'Culture' can be defined as a system of shared meanings based on religion, ethnicity, language and tradition. Culture provides boundaries and constraints, and freedoms and guides us in the ways we dress, for example. Within cultures, there are three distinct groups – normal people, separatists and ‘sub-culturals’.
The Amish group in America would consider themselves to be separatists. This is because they have separate rules, norms and values but they always abide by those pertaining to the national majority. Here's a picture, which looks like it was the 18th century but is, in fact, modern.
Direct-action sub-cultures prefer to try to subvert main culture by direct-action sub-cultures such as punk rock initially begin as being outrageous and antiestablishmentarianist, but later become subsumed to the main culture. The following picture shows original 'punks', who's sub-culture tried to subvert mainstream culture. When the music groups they followed, which started the whole movement, signed up to record companies, they became subsumed into mainstream culture themselves and therefore became part of the culture they were originally fighting against.
A ‘cultural landscape’ is one where the sub-group or separatist group eventually form the landscape to reflect their beliefs; and an example is detached suburban housing with gardens etc, reflecting the importance of home ownership in that culture. The picture beneath shows a suburban housing development which represents the values of that sub-culture.
Common areas or infrastructure can be ‘claimed’ by groups of people. For example, these objects can reflect the 'possession' of an area: mosques, synagogues, speciality restaurants, shops and festivals.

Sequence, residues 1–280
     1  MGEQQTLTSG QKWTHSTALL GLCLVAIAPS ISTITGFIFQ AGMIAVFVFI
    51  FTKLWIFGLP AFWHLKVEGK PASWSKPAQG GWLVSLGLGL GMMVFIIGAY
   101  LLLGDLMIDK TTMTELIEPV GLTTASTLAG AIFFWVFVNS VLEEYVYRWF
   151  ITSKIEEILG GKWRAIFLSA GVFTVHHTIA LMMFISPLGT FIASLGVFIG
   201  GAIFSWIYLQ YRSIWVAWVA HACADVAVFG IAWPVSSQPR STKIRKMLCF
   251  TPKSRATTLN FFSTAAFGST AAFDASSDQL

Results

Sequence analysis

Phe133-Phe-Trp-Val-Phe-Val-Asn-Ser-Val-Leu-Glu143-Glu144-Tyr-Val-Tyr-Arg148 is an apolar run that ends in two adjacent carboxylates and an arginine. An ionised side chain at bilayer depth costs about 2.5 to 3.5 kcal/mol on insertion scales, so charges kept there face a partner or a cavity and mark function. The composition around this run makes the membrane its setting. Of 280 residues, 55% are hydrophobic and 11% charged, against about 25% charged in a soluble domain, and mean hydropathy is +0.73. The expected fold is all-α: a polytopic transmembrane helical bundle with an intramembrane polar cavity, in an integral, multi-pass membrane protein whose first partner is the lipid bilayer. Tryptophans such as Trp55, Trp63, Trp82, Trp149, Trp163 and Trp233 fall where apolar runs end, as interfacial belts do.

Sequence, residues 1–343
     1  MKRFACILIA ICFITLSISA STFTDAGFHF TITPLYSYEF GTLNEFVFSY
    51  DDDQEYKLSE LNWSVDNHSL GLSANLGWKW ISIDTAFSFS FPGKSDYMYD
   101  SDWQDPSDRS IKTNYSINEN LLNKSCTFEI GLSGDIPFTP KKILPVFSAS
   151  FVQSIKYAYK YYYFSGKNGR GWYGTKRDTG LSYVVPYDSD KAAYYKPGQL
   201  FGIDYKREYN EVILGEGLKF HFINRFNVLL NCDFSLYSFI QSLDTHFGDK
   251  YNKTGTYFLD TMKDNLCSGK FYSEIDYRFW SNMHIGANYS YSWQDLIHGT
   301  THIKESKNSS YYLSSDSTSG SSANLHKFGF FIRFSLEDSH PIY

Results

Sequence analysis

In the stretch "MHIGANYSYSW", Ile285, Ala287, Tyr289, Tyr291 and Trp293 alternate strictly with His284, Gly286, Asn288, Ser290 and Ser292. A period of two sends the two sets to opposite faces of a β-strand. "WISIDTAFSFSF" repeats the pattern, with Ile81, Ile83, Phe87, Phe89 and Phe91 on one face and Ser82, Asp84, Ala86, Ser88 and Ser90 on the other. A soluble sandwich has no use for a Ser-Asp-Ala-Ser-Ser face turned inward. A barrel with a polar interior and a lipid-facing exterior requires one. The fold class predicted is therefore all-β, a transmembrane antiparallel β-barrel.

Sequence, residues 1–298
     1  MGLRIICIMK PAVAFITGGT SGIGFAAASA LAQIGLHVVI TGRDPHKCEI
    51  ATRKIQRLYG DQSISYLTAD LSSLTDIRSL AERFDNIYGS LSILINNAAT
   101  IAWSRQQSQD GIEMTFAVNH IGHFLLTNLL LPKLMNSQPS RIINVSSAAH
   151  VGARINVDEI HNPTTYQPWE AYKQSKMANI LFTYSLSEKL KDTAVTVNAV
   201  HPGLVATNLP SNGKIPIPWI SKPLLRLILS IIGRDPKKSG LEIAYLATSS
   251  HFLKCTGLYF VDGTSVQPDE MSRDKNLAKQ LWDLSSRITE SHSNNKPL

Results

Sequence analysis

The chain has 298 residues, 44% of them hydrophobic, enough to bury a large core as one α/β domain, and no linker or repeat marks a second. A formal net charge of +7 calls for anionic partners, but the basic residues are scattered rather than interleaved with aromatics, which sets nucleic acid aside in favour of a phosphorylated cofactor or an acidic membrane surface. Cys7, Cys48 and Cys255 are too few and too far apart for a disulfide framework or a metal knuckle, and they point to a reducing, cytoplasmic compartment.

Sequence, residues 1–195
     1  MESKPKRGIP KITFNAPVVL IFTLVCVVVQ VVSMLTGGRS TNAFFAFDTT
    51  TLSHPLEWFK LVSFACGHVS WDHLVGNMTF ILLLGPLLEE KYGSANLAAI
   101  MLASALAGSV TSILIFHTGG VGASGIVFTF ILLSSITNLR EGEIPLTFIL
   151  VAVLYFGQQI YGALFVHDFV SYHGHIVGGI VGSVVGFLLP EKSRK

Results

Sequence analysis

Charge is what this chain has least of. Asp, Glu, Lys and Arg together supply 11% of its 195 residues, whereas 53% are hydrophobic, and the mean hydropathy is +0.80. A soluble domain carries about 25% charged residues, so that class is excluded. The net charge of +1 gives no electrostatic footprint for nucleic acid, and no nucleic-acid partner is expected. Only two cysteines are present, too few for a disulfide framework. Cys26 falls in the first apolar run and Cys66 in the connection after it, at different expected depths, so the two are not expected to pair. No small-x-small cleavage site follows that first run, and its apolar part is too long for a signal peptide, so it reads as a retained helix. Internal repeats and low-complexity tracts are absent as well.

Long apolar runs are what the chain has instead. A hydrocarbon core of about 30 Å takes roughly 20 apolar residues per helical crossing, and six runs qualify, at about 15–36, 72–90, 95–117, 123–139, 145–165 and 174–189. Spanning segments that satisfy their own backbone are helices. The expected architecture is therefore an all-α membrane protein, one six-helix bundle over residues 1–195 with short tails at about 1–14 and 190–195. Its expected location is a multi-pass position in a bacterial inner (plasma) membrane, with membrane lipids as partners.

It is also possible to ‘read’ a landscape’. Indicators such as crosses, Stars of David or the placement of monuments show us the area of a particular sub-cultural group.
There are three different types of landscape : historic, modern and mixed.
A example of a certain type of historically designed landscapes is Longleat House, in Wiltshire, England. It was built as a symbol of wealth and power. It now includes a Safari Park to provide income to support the national heritage house. (Shown below.)
Another example is the village of Lacock. It is now a heritage village, preserved to show how the wealth of the industrial revolution improved conditions for the working people.
Stonehenge, on the other hand, is 'neo-pagan' landscape. Other types of 'landscapes are: ethnoscapes (collections or groups of people belonging to a certain ethnic group), technoscapes (a modern area where tech firms 'gather') and commodityscapes, where services are provided in a certain locale.
Stonehenge was built relatively close to a river in Avon, England. The significance of this might be some spiritual or religious reason. No one actually knows for certain.
England is lucky to have an organisation which takes care of its heritage. It's called 'The National Trust' and it either restores or keeps buildings of national importance in their best condition for ‘the people’.